# Thread: Curvature of an ellipse

1. ## Curvature of an ellipse

I'm asked to calculate the curvature of an ellipse:

(x^2/a^2)+(y^2/b^2)=1

The professor is setting x(t) = acos(t) and y(t) = bsin(t)

but I don't know why.

I think I can calculate the curvature from there.

Any help is appreciated.

2. ## Re: Curvature of an ellipse

Originally Posted by MajMinor
I'm asked to calculate the curvature of an ellipse:

(x^2/a^2)+(y^2/b^2)=1

The professor is setting x(t) = acos(t) and y(t) = bsin(t)

but I don't know why.

I think I can calculate the curvature from there.

Any help is appreciated.

You can use this defintion to to calculate the curvature or a parametrically defined curve.

$\kappa = \frac{|x'y''-y'x''|}{((x')^2+(y')^2)^{\frac{3}{2}}}$

This gives
$\kappa = \frac{|(-a\sin(t))(-b\sin(t))-(b\cos(t))(-a\cos(t))|}{((-a\sin(t))^2+(b\cos(t))^2)^{\frac{3}{2}}}=\frac{2ab }{(a^2\sin(t)+b^2\cos(t))^{\frac{3}{2}}}$

3. ## Re: Curvature of an ellipse

Why is x(t)= acos(t) and y(t)=bsin(t), though?

4. ## Re: Curvature of an ellipse

Originally Posted by MajMinor
Why is x(t)= acos(t) and y(t)=bsin(t), though?
That is the parametric represention of an ellipse.

Note that

$\frac{x}{a}=\cos(t) \quad \frac{y}{b}=\sin(t)$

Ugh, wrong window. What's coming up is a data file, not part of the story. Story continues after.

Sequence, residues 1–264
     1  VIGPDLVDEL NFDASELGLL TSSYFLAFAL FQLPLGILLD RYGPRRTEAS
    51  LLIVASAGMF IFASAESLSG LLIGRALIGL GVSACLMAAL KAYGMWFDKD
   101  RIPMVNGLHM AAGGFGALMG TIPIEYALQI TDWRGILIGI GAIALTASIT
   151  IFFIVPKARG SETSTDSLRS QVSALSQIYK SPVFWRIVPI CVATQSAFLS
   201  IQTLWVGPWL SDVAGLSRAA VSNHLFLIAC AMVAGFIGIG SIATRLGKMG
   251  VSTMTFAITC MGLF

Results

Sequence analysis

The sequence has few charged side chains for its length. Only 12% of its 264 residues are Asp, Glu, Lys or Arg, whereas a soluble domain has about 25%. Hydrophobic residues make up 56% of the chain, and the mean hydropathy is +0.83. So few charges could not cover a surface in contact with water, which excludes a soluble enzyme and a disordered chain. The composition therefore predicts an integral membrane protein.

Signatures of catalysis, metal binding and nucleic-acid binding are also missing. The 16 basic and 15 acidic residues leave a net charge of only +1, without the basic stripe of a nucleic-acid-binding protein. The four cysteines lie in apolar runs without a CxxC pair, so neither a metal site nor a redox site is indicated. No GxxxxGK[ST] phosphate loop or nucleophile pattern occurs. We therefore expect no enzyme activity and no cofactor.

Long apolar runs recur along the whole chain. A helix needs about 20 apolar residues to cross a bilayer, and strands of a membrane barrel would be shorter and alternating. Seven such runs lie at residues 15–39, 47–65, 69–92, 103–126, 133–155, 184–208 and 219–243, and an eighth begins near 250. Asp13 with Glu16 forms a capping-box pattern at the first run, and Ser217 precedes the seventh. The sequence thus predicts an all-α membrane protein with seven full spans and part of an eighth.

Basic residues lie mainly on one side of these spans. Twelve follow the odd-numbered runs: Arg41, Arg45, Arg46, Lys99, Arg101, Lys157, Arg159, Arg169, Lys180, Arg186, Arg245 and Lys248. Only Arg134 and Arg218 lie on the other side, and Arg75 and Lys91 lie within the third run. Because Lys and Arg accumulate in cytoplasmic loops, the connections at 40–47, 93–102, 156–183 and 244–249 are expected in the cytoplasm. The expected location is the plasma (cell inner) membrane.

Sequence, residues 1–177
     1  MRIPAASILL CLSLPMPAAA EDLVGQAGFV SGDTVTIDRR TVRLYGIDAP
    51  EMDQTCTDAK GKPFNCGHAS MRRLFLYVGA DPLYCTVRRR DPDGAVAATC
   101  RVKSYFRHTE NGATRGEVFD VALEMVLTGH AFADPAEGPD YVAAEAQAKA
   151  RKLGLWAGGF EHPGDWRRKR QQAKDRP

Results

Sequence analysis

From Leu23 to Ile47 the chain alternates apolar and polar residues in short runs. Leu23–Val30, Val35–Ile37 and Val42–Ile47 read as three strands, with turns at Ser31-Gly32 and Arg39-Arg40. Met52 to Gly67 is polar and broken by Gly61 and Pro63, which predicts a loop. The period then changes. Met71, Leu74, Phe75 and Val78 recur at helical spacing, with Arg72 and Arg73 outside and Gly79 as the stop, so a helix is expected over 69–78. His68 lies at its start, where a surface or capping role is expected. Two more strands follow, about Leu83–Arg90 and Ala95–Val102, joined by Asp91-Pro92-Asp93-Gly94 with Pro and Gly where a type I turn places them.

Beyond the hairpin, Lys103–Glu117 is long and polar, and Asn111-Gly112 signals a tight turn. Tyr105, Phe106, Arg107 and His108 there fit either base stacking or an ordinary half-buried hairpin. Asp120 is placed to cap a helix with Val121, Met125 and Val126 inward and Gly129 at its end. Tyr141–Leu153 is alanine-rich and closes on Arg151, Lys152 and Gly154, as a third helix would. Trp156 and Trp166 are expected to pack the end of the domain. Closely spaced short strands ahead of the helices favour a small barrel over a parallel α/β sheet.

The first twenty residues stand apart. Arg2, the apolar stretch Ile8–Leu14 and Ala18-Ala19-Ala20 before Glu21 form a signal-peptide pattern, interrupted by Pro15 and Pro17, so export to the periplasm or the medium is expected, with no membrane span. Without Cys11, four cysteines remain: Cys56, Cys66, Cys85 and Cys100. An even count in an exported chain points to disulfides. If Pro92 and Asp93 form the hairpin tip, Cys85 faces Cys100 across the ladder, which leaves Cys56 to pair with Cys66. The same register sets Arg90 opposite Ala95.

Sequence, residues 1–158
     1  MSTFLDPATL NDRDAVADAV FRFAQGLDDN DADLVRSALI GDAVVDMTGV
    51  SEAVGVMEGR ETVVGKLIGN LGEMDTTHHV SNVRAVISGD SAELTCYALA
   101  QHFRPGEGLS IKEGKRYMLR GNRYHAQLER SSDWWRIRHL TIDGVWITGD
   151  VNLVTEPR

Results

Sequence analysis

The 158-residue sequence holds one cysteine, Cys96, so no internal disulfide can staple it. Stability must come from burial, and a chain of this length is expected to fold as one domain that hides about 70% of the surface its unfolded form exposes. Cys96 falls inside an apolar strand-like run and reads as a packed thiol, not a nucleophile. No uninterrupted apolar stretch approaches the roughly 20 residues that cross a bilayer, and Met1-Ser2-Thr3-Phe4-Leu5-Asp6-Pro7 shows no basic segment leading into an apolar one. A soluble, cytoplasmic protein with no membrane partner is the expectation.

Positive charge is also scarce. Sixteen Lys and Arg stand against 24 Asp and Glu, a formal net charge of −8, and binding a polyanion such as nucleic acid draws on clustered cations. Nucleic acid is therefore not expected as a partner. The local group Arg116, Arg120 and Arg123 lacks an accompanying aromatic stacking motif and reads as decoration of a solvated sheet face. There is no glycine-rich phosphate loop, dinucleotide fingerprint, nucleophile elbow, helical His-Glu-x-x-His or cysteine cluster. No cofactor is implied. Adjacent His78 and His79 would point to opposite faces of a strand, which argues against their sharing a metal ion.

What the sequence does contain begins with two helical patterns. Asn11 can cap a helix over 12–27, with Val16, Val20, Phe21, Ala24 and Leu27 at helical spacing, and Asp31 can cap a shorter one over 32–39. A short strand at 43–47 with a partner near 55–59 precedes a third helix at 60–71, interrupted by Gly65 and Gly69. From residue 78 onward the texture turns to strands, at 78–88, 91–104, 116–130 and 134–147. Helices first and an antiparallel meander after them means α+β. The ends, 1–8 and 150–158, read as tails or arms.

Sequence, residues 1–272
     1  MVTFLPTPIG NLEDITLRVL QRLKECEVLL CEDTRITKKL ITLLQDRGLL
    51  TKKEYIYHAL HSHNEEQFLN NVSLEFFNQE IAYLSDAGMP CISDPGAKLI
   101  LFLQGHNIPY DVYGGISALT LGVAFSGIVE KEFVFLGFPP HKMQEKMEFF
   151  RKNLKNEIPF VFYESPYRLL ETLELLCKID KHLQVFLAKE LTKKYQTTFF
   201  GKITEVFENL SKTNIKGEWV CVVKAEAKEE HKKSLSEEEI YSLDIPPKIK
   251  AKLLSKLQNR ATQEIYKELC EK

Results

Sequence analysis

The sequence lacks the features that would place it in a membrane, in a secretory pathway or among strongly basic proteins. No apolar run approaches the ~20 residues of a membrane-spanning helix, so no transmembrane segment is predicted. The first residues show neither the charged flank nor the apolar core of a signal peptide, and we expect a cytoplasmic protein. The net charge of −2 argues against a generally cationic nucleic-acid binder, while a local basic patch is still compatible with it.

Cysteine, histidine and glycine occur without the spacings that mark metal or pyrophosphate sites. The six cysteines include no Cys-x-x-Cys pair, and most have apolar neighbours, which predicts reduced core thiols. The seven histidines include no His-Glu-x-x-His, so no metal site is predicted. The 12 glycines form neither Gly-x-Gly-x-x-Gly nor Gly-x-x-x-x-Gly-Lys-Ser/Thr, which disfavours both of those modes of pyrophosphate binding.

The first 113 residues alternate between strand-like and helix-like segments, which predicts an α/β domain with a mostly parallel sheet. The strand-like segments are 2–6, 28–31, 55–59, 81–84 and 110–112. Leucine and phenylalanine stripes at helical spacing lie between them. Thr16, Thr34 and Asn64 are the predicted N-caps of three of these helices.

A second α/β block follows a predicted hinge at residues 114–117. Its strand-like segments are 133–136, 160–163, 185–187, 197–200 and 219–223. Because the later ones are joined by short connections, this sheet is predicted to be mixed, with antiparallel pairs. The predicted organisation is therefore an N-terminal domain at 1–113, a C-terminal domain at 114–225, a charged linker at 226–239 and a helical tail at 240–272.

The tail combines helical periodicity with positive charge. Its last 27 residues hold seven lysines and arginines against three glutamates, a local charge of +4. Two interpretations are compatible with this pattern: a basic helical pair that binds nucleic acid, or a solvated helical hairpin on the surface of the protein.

Now if square both equations and add them you get

$\left( \frac{x}{a} \right)^2=\cos^2(t) \quad \left( \frac{y}{b}\right)^2=\sin^2(t)$

$\ \frac{x^2}{a^2}+\frac{y^2}{b^2}=\cos^2(t) +\sin^2(t)=1$

5. ## Re: Curvature of an ellipse

Got it. Thanks a lot!

6. ## Re: Curvature of an ellipse

The empty set made a couple of small mistakes reducing the parameteric equation. I'm a newbie here, so I may get the markup wrong, but:

$\kappa = { { { | ( -a \sin ( t ) ) ( -b \sin ( t ) ) - ( b \cos ( t ) ) ( - a \cos ( t ) ) | } \over { ( ( - a \sin ( t ) ) {^2}+( b \cos ( t ) ) ^2) { ^ {3 \over 2 } } } } } ={{ a b ( \sin{^2} ( t ) +\cos{^2} ( t )) }\over { ( { a^2} \sin{^2} ( t )+{ b^2} \cos{^2}( t ) ) ^ {3 \over 2 } }$

which, because $\sin{^2} ( t ) +\cos{^2} ( t ) \equiv 1$, simplifies to:

$\kappa = { { a b }\over { ( { a^2} \sin{^2} ( t )+{ b^2} \cos{^2}( t ) ) ^ {3 \over 2 } } }$

Test: if a = b = r for a circle,

$\kappa = { { r r }\over { ( { r^2} \sin{^2} ( t )+{ r^2} \cos{^2}( t ) ) ^ {3 \over 2 } } } = { { r ^ 2 } \over { ( r ^ 2 ) ^ { 3\over 2 } } } = { 1 \over r }$

For a circle, the curvature becomes 1/r as expected.

Thank you "Mr. Set" for showing me how to solve this, and an opportunity to help.

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